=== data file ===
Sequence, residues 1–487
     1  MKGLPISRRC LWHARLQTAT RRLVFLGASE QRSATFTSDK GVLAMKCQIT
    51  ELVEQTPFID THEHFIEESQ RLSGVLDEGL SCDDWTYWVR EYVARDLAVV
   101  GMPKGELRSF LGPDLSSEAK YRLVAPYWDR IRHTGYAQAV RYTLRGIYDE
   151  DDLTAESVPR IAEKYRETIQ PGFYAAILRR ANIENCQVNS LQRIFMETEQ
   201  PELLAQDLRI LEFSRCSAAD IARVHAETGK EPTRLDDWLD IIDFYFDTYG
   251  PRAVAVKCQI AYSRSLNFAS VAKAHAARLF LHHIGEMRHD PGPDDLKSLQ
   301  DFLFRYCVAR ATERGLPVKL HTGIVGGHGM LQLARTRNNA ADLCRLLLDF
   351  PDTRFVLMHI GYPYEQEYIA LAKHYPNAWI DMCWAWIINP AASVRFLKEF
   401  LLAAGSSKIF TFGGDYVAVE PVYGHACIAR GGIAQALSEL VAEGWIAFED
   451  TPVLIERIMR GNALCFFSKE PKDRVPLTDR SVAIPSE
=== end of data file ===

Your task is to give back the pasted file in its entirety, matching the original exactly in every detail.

Sequence, residues 1–487
     1  MKGLPISRRC LWHARLQTAT RRLVFLGASE QRSATFTSDK GVLAMKCQIT
    51  ELVEQTPFID THEHFIEESQ RLSGVLDEGL SCDDWTYWVR EYVARDLAVV
   101  GMPKGELRSF LGPDLSSEAK YRLVAPYWDR IRHTGYAQAV RYTLRGIYDE
   151  DDLTAESVPR IAEKYRETIQ PGFYAAILRR ANIENCQVNS LQRIFMETEQ
   201  PELLAQDLRI LEFSRCSAAD IARVHAETGK EPTRLDDWLD IIDFYFDTYG
   251  PRAVAVKCQI AYSRSLNFAS VAKAHAARLF LHHIGEMRHD PGPDDLKSLQ
   301  DFLFRYCVAR ATERGLPVKL HTGIVGGHGM LQLARTRNNA ADLCRLLLDF
   351  PDTRFVLMHI GYPYEQEYIA LAKHYPNAWI DMCWAWIINP AASVRFLKEF
   401  LLAAGSSKIF TFGGDYVAVE PVYGHACIAR GGIAQALSEL VAEGWIAFED
   451  TPVLIERIMR GNALCFFSKE PKDRVPLTDR SVAIPSE